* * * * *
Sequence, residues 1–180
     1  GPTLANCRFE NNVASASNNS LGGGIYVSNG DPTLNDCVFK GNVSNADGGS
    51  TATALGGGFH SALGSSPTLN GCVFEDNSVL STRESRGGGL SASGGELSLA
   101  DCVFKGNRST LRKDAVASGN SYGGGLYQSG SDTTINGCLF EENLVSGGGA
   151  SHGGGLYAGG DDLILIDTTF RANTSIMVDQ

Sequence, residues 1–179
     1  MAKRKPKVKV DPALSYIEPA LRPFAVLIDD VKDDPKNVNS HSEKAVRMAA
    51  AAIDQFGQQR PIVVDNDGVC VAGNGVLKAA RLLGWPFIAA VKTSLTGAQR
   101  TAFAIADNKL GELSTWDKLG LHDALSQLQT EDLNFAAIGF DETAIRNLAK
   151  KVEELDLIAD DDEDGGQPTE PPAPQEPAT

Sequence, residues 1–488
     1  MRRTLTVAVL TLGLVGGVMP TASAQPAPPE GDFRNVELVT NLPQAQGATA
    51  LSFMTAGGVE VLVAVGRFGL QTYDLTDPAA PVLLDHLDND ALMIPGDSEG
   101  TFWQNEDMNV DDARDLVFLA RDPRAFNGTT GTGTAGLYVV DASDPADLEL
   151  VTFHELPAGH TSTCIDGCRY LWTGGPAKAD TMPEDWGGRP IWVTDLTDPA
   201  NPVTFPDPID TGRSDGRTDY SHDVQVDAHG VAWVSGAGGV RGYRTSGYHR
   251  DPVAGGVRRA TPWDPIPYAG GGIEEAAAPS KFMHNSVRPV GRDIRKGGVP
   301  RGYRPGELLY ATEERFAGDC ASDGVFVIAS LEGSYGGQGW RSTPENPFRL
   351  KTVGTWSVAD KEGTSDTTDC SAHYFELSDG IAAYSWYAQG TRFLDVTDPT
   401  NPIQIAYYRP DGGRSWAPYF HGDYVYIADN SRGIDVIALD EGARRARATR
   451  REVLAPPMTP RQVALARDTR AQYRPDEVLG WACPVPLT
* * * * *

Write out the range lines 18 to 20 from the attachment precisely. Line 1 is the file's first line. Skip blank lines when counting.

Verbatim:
   301  RGYRPGELLY ATEERFAGDC ASDGVFVIAS LEGSYGGQGW RSTPENPFRL
   351  KTVGTWSVAD KEGTSDTTDC SAHYFELSDG IAAYSWYAQG TRFLDVTDPT
   401  NPIQIAYYRP DGGRSWAPYF HGDYVYIADN SRGIDVIALD EGARRARATR